A psychologist and co-founder of a mental health NGO called Customize Cognition, Ritika forayed into the space of menstrual health and hygiene, sexual and reproductive healthcare and rights and gender equality as an MHM Fellow with YKA. She says, “The experience of working on MHM/SRHR and gender equality has been an enriching and eye-opening experience. I have learned what’s beneath the surface of the issue, be it awareness, lack of resources or disregard for trans men, who also menstruate.”

The Transmen-ses campaign aims to tackle the issue of silence and disregard for trans men’s menstruation needs, by mobilising gender sensitive health professionals and gender neutral restrooms in Lucknow.

Read more about the campaign here.

A Computer Science engineer by education, Nitisha started her career in the corporate sector, before realising she wanted to work in the development and social justice space. Since then, she has worked with Teach For India and Care India and is from the founding batch of Indian School of Development Management (ISDM), a one of its kind organisation creating leaders for the development sector through its experiential learning post graduate program.

As a Youth Ki Awaaz Menstrual Health Fellow, Nitisha has started Let’s Talk Period, a campaign to mobilise young people to switch to sustainable period products. She says, “80 lakh women in Delhi use non-biodegradable sanitary products, generate 3000 tonnes of menstrual waste, that takes 500-800 years to decompose; which in turn contributes to the health issues of all menstruators, increased burden of waste management on the city and harmful living environment for all citizens.

Let’s Talk Period aims to change this by

Find out more about her campaign here.

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A former Assistant Secretary with the Ministry of Women and Child Development in West Bengal for three months, Lakshmi Bhavya has been championing the cause of menstrual hygiene in her district. By associating herself with the Lalana Campaign, a holistic menstrual hygiene awareness campaign which is conducted by the Anahat NGO, Lakshmi has been slowly breaking taboos when it comes to periods and menstrual hygiene.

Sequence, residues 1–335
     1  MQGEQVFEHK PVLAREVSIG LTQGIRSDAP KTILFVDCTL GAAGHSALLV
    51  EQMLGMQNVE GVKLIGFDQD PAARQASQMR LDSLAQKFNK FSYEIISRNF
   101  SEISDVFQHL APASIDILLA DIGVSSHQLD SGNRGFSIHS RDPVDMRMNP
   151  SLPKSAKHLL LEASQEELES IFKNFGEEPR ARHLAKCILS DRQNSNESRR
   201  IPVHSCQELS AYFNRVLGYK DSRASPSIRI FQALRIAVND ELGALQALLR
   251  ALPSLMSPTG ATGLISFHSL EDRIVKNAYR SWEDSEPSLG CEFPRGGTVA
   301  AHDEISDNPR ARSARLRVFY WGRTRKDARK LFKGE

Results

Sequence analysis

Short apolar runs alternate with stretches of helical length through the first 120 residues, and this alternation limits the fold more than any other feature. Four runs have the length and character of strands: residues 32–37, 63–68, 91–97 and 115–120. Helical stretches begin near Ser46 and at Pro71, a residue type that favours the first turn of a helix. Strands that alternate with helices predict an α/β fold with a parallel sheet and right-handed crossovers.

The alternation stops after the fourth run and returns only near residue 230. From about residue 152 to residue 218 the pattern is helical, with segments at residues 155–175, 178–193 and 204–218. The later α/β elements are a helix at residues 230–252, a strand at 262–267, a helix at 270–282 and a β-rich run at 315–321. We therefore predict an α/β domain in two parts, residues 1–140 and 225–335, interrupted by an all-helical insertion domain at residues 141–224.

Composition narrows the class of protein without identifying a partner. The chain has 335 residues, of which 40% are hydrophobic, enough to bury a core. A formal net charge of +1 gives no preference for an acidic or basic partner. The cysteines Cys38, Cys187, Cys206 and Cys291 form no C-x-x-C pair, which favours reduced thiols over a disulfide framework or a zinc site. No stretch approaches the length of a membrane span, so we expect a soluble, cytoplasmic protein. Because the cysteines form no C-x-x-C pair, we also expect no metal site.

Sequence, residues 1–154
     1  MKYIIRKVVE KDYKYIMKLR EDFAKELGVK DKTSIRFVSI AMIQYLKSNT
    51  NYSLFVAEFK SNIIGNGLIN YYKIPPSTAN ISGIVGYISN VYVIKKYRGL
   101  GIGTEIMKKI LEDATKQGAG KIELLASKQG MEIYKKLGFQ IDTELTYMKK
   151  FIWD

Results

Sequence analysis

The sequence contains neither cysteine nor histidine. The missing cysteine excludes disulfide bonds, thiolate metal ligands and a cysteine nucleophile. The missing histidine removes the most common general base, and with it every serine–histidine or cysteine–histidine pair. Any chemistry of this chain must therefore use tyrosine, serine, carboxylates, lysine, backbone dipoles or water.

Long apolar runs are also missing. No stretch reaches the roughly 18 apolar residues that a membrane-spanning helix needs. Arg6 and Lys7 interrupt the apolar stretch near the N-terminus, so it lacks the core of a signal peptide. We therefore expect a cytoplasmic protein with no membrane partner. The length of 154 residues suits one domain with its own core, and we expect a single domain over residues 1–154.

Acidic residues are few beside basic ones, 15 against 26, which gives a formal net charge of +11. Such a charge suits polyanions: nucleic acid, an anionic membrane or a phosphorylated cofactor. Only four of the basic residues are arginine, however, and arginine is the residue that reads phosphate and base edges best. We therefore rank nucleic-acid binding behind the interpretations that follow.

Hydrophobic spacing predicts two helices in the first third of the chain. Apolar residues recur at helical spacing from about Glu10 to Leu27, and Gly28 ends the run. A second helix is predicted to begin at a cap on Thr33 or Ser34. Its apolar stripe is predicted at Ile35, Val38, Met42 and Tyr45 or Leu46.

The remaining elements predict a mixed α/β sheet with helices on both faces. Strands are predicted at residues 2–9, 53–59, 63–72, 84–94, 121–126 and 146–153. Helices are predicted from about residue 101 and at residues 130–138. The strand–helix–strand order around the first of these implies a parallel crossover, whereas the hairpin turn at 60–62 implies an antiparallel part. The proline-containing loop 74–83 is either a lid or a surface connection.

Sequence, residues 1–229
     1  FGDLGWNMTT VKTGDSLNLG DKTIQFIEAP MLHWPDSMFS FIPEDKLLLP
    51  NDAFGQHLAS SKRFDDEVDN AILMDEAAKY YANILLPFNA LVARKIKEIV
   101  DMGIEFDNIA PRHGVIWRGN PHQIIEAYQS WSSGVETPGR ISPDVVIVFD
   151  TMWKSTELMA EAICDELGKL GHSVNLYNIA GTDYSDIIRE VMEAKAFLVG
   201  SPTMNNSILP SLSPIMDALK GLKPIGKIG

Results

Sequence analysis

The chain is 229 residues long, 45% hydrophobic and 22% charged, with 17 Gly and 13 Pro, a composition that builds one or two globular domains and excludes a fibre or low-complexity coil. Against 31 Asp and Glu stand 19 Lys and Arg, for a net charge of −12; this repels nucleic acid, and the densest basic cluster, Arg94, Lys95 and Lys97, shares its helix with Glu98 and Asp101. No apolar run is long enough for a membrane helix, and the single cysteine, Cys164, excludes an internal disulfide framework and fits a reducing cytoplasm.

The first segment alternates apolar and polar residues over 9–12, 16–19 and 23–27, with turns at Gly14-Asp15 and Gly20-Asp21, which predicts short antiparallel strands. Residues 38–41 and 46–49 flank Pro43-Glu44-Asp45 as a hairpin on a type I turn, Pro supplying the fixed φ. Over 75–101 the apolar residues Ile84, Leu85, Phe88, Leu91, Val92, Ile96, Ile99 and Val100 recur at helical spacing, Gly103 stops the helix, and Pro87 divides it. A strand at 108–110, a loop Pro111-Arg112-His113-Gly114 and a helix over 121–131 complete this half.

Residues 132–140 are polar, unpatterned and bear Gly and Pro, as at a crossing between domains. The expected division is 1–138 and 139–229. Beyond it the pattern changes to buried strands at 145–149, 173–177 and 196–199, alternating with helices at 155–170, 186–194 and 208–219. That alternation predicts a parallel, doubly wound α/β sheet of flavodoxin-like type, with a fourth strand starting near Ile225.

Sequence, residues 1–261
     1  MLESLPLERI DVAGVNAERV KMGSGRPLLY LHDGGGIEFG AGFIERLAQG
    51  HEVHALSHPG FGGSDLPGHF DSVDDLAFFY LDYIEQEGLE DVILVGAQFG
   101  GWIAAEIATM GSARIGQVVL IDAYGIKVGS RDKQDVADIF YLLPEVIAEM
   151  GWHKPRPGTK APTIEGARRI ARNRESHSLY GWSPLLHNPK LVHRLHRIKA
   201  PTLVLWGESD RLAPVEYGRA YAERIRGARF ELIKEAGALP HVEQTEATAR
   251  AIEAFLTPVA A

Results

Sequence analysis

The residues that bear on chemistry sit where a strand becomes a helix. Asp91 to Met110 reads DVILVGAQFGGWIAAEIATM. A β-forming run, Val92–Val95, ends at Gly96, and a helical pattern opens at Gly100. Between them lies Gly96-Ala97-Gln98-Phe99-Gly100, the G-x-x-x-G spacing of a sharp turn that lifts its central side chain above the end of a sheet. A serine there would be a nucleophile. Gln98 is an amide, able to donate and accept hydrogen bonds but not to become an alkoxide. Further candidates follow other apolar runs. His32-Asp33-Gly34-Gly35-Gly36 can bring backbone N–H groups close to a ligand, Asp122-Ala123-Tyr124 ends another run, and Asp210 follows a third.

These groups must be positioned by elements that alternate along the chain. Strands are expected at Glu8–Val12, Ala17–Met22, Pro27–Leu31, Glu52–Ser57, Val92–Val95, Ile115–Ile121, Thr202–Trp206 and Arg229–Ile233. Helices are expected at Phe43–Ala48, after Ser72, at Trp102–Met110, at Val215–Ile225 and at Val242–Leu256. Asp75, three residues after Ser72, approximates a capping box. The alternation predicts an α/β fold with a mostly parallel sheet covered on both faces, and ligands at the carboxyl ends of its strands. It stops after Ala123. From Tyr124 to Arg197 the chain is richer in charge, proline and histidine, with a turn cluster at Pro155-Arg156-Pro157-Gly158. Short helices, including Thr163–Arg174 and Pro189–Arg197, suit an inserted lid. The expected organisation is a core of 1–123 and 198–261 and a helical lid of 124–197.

A Gender Rights Activist working with the tribal and marginalized communities in india, Srilekha is a PhD scholar working on understanding body and sexuality among tribal girls, to fill the gaps in research around indigenous women and their stories. Srilekha has worked extensively at the grassroots level with community based organisations, through several advocacy initiatives around Gender, Mental Health, Menstrual Hygiene and Sexual and Reproductive Health Rights (SRHR) for the indigenous in Jharkhand, over the last 6 years.

Srilekha has also contributed to sustainable livelihood projects and legal aid programs for survivors of sex trafficking. She has been conducting research based programs on maternal health, mental health, gender based violence, sex and sexuality. Her interest lies in conducting workshops for young people on life skills, feminism, gender and sexuality, trauma, resilience and interpersonal relationships.

A Guwahati-based college student pursuing her Masters in Tata Institute of Social Sciences, Bidisha started the #BleedwithDignity campaign on the technology platform, demanding that the Government of Assam install
biodegradable sanitary pad vending machines in all government schools across the state. Her petition on has already gathered support from over 90000 people and continues to grow.

Bidisha was selected in’s flagship program ‘She Creates Change’ having run successful online advocacy
campaigns, which were widely recognised. Through the #BleedwithDignity campaign; she organised and celebrated World Menstrual Hygiene Day, 2019 in Guwahati, Assam by hosting a wall mural by collaborating with local organisations. The initiative was widely covered by national and local media, and the mural was later inaugurated by the event’s chief guest Commissioner of Guwahati Municipal Corporation (GMC) Debeswar Malakar, IAS.